When TJ Mercer met Joshua Jacobs in an Innovation in Engineering and Design for Global Crises class, Mercer told Jacobs to watch a documentary on regenerative agriculture called “Kiss the Ground” (2020). It ended up changing both of their lives.
“[The documentary] sort of opened me up to a whole new world of this amazing solution to a problem I didn’t even know existed,” said Jacobs, a junior majoring in chemical engineering.
Now, the two are collaborating on a research project to prove that holistically-raised food yields more nutritional benefits than traditionally-produced food while also benefiting the environment.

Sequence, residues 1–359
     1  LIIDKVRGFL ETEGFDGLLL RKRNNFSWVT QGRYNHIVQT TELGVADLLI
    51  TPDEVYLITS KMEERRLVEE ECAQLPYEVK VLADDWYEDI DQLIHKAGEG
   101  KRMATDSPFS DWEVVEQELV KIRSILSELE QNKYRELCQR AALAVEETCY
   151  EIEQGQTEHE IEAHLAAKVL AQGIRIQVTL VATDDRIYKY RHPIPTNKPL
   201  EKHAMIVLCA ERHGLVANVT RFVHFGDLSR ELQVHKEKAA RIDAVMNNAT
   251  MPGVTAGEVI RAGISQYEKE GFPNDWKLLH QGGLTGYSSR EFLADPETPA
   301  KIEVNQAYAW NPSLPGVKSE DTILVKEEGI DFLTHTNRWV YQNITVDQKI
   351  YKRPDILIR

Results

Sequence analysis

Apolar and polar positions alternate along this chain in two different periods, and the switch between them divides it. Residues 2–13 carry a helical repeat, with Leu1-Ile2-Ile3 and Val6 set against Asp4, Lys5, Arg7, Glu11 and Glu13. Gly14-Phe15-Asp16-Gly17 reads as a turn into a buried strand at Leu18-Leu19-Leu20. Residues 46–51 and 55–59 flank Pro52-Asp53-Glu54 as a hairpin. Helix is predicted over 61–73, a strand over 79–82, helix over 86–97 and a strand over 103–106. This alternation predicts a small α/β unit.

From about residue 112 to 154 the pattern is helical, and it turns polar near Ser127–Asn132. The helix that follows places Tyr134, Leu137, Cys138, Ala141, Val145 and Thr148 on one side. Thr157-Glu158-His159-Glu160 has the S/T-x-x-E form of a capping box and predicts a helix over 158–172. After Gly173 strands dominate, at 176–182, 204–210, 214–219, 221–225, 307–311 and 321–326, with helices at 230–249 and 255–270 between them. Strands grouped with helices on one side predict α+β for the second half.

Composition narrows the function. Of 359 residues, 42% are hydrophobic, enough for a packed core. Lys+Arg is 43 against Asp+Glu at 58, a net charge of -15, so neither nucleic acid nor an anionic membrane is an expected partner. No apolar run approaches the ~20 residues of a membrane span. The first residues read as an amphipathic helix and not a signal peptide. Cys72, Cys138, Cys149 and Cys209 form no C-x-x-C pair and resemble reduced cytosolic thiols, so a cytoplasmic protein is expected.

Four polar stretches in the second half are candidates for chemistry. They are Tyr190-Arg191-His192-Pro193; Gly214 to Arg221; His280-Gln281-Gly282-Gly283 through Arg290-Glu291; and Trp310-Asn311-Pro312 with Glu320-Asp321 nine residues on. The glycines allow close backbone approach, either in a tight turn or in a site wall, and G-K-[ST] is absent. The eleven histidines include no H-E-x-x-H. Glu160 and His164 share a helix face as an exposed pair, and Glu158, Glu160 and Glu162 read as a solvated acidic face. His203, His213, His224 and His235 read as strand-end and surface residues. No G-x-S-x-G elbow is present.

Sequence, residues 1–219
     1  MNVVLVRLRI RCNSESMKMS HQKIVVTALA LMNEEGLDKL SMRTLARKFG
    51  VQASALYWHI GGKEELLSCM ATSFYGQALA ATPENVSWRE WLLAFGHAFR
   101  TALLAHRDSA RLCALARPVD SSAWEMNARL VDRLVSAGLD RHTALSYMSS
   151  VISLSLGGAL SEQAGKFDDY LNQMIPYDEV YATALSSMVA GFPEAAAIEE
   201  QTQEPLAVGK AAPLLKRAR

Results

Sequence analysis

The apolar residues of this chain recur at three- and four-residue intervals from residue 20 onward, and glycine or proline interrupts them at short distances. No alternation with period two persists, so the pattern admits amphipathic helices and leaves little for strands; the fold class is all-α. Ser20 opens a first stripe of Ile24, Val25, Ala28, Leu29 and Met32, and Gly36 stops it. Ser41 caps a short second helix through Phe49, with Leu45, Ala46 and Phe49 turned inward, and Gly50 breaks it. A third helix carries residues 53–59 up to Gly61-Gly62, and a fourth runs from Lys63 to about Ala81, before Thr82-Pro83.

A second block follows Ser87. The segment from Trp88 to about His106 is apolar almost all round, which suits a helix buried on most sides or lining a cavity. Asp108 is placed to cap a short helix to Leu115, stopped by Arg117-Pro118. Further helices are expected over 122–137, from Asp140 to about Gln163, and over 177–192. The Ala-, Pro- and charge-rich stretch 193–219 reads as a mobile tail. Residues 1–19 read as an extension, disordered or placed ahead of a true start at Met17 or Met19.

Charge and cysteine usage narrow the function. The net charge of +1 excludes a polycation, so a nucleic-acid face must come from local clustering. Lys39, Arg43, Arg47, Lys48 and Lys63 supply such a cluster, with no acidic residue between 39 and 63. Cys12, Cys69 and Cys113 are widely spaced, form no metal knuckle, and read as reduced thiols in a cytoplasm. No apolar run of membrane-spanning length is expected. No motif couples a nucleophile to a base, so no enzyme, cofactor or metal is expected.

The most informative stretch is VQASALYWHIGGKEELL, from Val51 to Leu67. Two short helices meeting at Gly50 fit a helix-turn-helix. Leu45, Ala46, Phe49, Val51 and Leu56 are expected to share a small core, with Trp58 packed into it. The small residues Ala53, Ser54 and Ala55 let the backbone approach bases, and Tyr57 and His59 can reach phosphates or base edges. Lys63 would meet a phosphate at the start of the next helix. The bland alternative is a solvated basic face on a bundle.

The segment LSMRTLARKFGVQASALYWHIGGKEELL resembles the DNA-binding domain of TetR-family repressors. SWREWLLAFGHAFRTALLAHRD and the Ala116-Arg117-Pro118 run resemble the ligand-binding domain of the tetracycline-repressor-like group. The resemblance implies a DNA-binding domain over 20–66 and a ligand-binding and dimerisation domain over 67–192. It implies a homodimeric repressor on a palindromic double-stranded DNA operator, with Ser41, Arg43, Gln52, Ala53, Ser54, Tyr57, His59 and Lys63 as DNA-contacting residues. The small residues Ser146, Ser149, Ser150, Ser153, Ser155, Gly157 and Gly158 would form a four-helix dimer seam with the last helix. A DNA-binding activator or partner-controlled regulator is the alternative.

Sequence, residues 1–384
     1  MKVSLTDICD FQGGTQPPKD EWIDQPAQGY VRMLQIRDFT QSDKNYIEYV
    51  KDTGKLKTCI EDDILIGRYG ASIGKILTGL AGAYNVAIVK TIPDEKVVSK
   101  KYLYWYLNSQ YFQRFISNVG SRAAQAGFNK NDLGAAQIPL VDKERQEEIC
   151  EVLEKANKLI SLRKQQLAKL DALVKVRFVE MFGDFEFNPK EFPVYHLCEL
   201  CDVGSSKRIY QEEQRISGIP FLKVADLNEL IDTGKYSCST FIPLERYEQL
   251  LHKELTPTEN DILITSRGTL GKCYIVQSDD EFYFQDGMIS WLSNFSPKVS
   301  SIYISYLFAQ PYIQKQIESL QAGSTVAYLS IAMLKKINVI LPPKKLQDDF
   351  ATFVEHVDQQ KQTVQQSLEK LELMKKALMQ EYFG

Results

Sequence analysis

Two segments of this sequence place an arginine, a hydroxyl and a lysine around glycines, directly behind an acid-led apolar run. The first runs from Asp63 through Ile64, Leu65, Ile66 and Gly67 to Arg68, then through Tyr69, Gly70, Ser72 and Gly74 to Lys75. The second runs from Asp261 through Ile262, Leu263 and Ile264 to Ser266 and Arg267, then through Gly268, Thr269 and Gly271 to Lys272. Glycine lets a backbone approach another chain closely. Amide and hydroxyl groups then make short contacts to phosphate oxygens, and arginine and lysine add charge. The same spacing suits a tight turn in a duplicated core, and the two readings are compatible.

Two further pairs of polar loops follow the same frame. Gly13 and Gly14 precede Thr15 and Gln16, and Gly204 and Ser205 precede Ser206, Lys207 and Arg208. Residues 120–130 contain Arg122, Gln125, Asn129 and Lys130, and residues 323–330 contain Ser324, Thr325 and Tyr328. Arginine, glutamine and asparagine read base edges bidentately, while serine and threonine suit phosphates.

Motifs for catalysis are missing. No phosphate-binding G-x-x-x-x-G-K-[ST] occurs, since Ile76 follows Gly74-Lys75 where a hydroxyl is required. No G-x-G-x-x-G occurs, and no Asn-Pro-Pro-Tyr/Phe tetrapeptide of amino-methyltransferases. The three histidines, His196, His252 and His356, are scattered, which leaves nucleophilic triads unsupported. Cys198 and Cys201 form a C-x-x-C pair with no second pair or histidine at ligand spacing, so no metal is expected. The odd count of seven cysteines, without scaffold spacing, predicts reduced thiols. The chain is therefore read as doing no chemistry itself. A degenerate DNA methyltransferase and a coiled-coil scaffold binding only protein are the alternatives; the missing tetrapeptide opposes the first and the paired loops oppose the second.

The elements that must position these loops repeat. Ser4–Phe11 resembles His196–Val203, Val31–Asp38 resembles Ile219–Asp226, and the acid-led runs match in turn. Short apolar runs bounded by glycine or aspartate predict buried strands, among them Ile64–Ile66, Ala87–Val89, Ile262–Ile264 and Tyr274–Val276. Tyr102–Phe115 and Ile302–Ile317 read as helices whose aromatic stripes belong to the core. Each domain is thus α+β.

“Our topsoil is degrading at an unprecedented rate because of the last 100 years of agriculture mismanagement,” Jacobs said, citing practices like “intensive monocropping” and fertilizer use that harm plants, animals and the surrounding ecosystem.
The project focuses on holistically-raised beef. Cows are traditionally raised in cramped feedlots, which both prevents grass from growing effectively and is detrimental to cow health, said Mercer, a junior majoring in industrial and systems engineering.
Instead, he and Jacobs are researching the benefits of holistically-raised, grass-fed cows.
“What happens with a lot of grass fed [beef], is they cut the grass in the field, or technically corn stalks, and they just bring that to the feedlot,” Mercer said. “But what’s been really interesting for us and the research … is that when you actually put [the cows] in a pasture setting, and they get to eat fresh things that are still alive, it’s way healthier.”